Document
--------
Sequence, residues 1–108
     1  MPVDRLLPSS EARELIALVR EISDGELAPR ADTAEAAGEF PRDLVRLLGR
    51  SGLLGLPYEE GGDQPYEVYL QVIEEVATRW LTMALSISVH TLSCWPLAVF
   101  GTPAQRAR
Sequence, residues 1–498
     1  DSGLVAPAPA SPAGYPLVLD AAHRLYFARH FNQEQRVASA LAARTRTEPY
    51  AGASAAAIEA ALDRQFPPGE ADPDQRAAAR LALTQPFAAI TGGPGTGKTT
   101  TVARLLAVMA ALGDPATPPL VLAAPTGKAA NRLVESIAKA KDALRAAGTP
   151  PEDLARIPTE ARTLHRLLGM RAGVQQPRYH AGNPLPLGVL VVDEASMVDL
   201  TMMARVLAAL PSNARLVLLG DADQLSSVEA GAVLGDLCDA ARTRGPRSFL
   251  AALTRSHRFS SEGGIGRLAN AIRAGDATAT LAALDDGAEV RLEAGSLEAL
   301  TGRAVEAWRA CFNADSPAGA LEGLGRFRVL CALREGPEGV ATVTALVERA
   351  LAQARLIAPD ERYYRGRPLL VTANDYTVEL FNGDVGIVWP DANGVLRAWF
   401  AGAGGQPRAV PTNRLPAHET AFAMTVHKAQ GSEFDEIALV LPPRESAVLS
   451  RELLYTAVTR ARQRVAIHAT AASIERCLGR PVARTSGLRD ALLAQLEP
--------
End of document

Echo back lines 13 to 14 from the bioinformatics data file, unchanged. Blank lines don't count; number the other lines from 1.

   351  LAQARLIAPD ERYYRGRPLL VTANDYTVEL FNGDVGIVWP DANGVLRAWF
   401  AGAGGQPRAV PTNRLPAHET AFAMTVHKAQ GSEFDEIALV LPPRESAVLS